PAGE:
This is a cross post from Schooled in Sports.
Beginning next school year, transgender student-athletes in Minnesota will be allowed to compete on sports teams that align with their gender identity.
Earlier this year, the board of the Minnesota State High School League unanimously voted to table the proposed policy due to an overwhelming public response both in favor and opposed to it. On Thursday, the board once again took up the issue, this time voting to pass the changes by a large margin.
According to the Minneapolis Star Tribune, 18 of the 20 board members voted in favor of the policy, with one member voting against it and another abstaining. Under the new policy, which goes into effect for the 2015-16 school year, a transgender student-athlete and his or her parent(s) or legal guardian(s) must notify the school in writing that “the student has a consistent gender identity or that the gender identity is sincerely held as part of the student’s core identity” that differs from the student-athlete’s gender identity assigned at birth. The appeal must include a written statement “affirming consistent gender-related identity and expression to which the student self-relates,” along with a written statement from a health-care professional and statements from other parents, friends, and/or teachers.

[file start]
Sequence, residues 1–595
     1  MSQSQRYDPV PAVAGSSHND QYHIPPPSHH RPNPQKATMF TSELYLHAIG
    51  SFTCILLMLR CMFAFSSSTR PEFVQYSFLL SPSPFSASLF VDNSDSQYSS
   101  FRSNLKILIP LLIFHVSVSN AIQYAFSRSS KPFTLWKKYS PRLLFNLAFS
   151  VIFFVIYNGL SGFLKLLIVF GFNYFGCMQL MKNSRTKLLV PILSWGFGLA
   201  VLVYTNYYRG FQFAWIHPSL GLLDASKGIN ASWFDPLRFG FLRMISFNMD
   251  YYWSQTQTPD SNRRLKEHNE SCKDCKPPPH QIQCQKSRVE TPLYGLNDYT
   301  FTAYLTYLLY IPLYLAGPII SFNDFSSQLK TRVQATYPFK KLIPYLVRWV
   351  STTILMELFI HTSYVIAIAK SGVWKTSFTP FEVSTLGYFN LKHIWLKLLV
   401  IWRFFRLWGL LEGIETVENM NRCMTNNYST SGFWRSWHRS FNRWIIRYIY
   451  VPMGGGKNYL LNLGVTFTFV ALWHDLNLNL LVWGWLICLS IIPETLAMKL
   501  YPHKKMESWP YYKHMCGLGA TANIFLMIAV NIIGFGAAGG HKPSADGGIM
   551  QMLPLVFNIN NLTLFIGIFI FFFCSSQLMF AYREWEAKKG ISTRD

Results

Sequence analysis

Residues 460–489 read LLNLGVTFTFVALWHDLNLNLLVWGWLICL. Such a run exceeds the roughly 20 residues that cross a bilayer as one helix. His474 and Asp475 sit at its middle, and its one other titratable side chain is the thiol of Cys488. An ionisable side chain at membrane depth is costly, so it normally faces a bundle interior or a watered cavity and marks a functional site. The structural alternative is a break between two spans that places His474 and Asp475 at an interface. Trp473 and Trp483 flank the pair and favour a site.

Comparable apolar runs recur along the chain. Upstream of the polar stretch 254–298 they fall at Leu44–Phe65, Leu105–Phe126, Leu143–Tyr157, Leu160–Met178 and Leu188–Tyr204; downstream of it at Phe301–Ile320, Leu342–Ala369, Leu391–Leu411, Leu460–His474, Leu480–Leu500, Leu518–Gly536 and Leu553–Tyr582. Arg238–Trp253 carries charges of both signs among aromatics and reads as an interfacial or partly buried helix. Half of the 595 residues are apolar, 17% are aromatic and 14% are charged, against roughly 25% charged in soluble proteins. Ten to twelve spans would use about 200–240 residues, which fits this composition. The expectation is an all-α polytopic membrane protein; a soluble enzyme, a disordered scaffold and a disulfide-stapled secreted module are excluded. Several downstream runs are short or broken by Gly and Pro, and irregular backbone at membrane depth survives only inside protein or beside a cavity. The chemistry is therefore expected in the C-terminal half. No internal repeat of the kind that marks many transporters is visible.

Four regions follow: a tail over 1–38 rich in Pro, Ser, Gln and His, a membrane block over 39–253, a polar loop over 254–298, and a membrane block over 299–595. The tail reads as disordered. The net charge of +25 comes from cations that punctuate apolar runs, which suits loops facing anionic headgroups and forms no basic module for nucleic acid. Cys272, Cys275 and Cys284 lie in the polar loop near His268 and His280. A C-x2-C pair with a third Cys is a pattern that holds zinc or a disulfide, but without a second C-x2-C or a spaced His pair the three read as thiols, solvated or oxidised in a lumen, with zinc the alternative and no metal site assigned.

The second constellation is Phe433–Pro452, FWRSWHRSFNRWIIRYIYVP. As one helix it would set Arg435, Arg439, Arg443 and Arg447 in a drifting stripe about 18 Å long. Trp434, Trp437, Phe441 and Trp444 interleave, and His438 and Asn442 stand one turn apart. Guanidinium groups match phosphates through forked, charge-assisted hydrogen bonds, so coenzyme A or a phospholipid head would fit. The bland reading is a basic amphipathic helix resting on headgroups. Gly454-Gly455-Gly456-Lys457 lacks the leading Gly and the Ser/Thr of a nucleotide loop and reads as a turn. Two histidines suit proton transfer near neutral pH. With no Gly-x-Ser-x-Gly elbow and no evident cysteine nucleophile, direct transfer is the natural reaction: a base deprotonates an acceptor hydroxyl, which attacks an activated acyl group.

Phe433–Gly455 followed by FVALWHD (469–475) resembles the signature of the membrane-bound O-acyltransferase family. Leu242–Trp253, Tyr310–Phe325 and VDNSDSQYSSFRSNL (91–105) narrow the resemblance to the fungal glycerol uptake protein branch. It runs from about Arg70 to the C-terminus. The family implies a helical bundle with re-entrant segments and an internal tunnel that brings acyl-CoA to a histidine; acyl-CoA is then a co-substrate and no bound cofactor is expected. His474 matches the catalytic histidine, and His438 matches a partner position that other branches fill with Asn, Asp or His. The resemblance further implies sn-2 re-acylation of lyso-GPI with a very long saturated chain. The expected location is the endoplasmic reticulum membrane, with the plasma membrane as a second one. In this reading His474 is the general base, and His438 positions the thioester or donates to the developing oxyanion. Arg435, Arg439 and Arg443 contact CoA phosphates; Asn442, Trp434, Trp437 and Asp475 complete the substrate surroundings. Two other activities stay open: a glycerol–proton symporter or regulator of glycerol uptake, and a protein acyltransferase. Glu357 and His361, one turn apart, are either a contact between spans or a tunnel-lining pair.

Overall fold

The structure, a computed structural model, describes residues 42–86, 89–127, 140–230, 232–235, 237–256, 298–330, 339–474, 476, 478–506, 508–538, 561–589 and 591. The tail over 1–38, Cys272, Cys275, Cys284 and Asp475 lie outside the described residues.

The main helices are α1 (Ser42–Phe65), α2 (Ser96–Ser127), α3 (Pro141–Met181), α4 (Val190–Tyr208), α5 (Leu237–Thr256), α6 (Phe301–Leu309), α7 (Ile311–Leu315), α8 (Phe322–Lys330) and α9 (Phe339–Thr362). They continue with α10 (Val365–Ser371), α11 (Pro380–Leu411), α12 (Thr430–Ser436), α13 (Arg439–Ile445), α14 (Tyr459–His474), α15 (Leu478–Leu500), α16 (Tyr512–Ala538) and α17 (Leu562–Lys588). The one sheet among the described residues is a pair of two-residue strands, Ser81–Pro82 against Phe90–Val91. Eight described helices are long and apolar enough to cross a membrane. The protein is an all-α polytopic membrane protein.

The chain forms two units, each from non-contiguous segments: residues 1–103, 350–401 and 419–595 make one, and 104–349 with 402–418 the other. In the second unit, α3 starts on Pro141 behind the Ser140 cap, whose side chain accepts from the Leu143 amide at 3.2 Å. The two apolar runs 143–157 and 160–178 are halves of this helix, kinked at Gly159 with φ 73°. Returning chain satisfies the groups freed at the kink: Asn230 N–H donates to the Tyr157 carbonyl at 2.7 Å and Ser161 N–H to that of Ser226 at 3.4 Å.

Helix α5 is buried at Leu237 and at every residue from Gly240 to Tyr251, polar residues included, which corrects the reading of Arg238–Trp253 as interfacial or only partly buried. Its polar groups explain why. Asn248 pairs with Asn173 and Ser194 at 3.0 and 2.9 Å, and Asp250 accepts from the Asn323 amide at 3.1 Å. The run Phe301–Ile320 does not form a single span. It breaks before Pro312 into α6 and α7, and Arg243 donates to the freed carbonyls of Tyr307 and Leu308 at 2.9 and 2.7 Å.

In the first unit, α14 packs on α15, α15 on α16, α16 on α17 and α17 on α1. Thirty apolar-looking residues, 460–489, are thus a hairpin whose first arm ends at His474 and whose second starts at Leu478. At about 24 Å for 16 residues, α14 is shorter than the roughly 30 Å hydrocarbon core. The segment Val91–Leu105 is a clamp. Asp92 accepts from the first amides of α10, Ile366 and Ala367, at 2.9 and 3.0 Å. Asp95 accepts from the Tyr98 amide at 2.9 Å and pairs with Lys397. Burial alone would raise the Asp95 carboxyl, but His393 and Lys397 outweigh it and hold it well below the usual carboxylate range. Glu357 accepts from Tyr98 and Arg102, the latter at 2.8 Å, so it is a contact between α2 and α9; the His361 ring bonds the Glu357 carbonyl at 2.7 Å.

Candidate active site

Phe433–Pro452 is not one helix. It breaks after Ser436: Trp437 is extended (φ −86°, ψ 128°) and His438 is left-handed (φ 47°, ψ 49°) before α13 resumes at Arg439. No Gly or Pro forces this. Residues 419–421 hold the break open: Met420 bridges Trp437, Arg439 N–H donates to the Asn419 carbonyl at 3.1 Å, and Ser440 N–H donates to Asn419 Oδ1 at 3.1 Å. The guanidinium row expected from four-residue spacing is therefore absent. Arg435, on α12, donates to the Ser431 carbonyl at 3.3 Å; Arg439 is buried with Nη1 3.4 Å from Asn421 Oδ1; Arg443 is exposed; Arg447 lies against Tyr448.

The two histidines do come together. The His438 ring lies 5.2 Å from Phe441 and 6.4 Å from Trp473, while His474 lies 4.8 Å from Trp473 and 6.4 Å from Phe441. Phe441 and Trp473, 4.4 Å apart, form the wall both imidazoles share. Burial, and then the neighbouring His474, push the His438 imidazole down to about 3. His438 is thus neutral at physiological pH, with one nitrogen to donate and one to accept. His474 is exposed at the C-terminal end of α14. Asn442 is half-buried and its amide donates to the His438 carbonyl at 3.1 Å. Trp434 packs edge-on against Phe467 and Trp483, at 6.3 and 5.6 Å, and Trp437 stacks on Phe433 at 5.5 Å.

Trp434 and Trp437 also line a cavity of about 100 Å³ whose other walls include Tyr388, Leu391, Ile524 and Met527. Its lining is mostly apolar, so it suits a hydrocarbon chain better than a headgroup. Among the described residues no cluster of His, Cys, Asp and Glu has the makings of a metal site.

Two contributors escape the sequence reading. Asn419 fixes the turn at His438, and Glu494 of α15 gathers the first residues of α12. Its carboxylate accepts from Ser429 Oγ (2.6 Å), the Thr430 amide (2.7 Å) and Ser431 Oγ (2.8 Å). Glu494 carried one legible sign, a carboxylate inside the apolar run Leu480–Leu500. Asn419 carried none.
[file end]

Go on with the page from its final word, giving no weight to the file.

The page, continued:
Upon receiving the appeal, the state high school league will assign an independent hearing officer to review the information. That officer’s decision will be binding until the state league’s next board of directors meeting.
As John Millea, a spokesman for the association, tweeted, Minnesota isn’t exactly paving new roads with this policy:
Minnesota will become the 33rd state to implement a policy for transgender high school athletes.
-- John Millea (@MSHSLjohn) December 4, 2014
However, it proved particularly contentious, as my colleague Mark Walsh covered on theEducation and the Media blog. Roughly 2,800 people signed a petition calling for the Star Tribuneto apologize for running two ads this fall from a group in opposition to the policy. Comments on the association’s Facebook post announcing the enactment of the changes also drew heated reaction, with one commenter calling it “discrimination against females” and another describing the decision as “an absolute joke.”
Dave Stead, the executive director of the state high school league, told the Star Tribune that not all member schools were in favor of the changes.
“I’ve heard from a limited number of schools that say, ‘I don’t like the idea,’ and then once we’ve talked about it they said, ‘I still don’t like the idea, but I’m supportive of the initiative of trying to give us direction,’” Stead said.
A version of this news article first appeared in the Rules for Engagement blog.